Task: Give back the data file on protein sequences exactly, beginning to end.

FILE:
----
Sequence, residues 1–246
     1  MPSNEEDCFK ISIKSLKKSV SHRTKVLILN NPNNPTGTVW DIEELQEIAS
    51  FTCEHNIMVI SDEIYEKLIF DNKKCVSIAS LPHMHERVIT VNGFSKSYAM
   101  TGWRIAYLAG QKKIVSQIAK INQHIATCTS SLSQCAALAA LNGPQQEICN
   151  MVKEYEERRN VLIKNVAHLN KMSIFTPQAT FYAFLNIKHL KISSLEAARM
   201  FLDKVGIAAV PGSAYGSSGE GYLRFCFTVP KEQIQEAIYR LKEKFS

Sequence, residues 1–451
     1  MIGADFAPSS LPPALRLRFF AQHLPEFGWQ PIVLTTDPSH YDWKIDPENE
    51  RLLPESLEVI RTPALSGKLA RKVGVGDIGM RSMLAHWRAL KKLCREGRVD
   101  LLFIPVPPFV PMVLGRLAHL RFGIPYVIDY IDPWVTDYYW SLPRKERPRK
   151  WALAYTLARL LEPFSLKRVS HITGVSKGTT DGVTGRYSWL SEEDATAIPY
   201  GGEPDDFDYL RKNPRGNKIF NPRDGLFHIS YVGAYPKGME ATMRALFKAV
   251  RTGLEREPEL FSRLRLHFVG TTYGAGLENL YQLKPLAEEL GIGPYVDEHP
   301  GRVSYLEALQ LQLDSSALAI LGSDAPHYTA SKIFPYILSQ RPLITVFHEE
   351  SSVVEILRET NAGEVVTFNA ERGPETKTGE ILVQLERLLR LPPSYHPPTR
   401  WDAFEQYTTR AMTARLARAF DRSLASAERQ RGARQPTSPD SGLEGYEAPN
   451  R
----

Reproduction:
Sequence, residues 1–246
     1  MPSNEEDCFK ISIKSLKKSV SHRTKVLILN NPNNPTGTVW DIEELQEIAS
    51  FTCEHNIMVI SDEIYEKLIF DNKKCVSIAS LPHMHERVIT VNGFSKSYAM
   101  TGWRIAYLAG QKKIVSQIAK INQHIATCTS SLSQCAALAA LNGPQQEICN
   151  MVKEYEERRN VLIKNVAHLN KMSIFTPQAT FYAFLNIKHL KISSLEAARM
   201  FLDKVGIAAV PGSAYGSSGE GYLRFCFTVP KEQIQEAIYR LKEKFS

Sequence, residues 1–451
     1  MIGADFAPSS LPPALRLRFF AQHLPEFGWQ PIVLTTDPSH YDWKIDPENE
    51  RLLPESLEVI RTPALSGKLA RKVGVGDIGM RSMLAHWRAL KKLCREGRVD
   101  LLFIPVPPFV PMVLGRLAHL RFGIPYVIDY IDPWVTDYYW SLPRKERPRK
   151  WALAYTLARL LEPFSLKRVS HITGVSKGTT DGVTGRYSWL SEEDATAIPY
   201  GGEPDDFDYL RKNPRGNKIF NPRDGLFHIS YVGAYPKGME ATMRALFKAV
   251  RTGLEREPEL FSRLRLHFVG TTYGAGLENL YQLKPLAEEL GIGPYVDEHP
   301  GRVSYLEALQ LQLDSSALAI LGSDAPHYTA SKIFPYILSQ RPLITVFHEE
   351  SSVVEILRET NAGEVVTFNA ERGPETKTGE ILVQLERLLR LPPSYHPPTR
   401  WDAFEQYTTR AMTARLARAF DRSLASAERQ RGARQPTSPD SGLEGYEAPN
   451  R